When winter roads become impassable, ambulances, fire engines, police and other emergency vehicles can’t perform their life-saving services. That’s bad enough, but the risk to life and limb goes far beyond the inability to respond to emergencies.
More than 116,000 Americans are injured and over 1,300 are killed on snowy, slushy or icy pavement every winter. It is no wonder, then, that the sight of salt trucks reassures citizens. Salt keeps roads open and safe.
A Marquette University study examined highway accidents in snow. Road salt reduced:
- Crashes by 88%
- Injuries by 85%
- Accident costs by 85%
Waterloo study on the Safety Impacts of Using Deicing Salt
A University of Waterloo analysis of collision data over six winter seasons (2000-2006) in Ontario.
We have long known the incredible benefits that road salt plays in ensuring safety and mobility during the winter months. However, this matter has only been studied on the most traveled highways in the past. In order to determine whether this effectiveness of road salt can be linked to the full range of roads throughout our transportation system, the Salt Institute supported a major study that encompassed the broadest possible range of roads and winter conditions. The study was carried out by the University of Waterloo using the Ontario Ministry of Transport’s huge database representing more than 1800 km of roads over seven winter seasons.
Five types of data were obtained and compiled, including weather, traffic, collision, road surface conditions and winter operations data. Although traffic accidents are the result of many factors, this study made it clear that road surface condition was by far the single most important factor in determining the number and severity of accidents during the winter season. Other factors such as invisibility, precipitation intensity, air temperature, wind speed and miles traveled were important, they paled in comparison to the impact of road surface condition. And that is the reason why the effective application of road salt to dramatically improve road surfaces is so critical in reducing accidents.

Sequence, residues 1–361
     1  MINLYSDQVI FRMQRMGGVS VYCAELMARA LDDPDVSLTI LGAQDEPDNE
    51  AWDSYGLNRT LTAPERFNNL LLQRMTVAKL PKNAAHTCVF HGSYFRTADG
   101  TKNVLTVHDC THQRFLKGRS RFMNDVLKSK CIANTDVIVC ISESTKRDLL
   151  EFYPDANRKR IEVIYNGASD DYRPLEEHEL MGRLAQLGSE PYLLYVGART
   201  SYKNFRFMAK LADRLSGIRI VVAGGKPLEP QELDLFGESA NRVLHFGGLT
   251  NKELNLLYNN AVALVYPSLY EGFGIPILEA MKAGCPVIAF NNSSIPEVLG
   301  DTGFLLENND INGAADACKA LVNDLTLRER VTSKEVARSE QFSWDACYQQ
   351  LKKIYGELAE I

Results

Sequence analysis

The before and after snow event analysis on four-lane highways showed:
- A 93% reduction in accidents.
- A 42% reduction in accidents on smaller 2-lane roads.
This difference is due to the ability of heavier traffic volumes to effectively distribute the applied salt more rapidly.
What is critical is that this enormous study confirms the previous Darmstadt and Marquette university studies and quantitatively demonstrates the critical importance of road salting on bringing safety and mobility to all types of roads in winter.
Battling snow and ice comes with a price tag, of course, but the study’s cost-benefit analysis shows it is well worth the investment. Deicing pays for itself a mere 25 minutes after salt is spread.
Statistics kept by the Federal Highway Administration help illustrate the prevalence and danger of snowy, icy roads:
- Over 70 percent of the nation’s roads are located in snowy regions, those which receive more than five inches average snowfall annually.
- Nearly 70 percent of the U.S. population lives in these snowy regions.
- Over 1,300 people are killed and more than 116,800 people are injured in vehicle crashes on snowy, slushy or icy pavement annually.
- Every year, nearly 900 people are killed and nearly 76,000 people are injured in vehicle crashes during snowfall or sleet.
- Each year, 24 percent of weather-related vehicle crashes occur on snowy, slushy or icy pavement and 15 percent happen during snowfall or sleet.
- Freeway speeds are reduced by 3 to 13 percent in light snow and by 5 to 40 percent in heavy snow.
- Average speeds on arterial roads decline by 30 to 40 percent on snowy or slushy pavement.
- Winter road maintenance accounts for roughly 20 percent of state Department of Transportation maintenance budgets.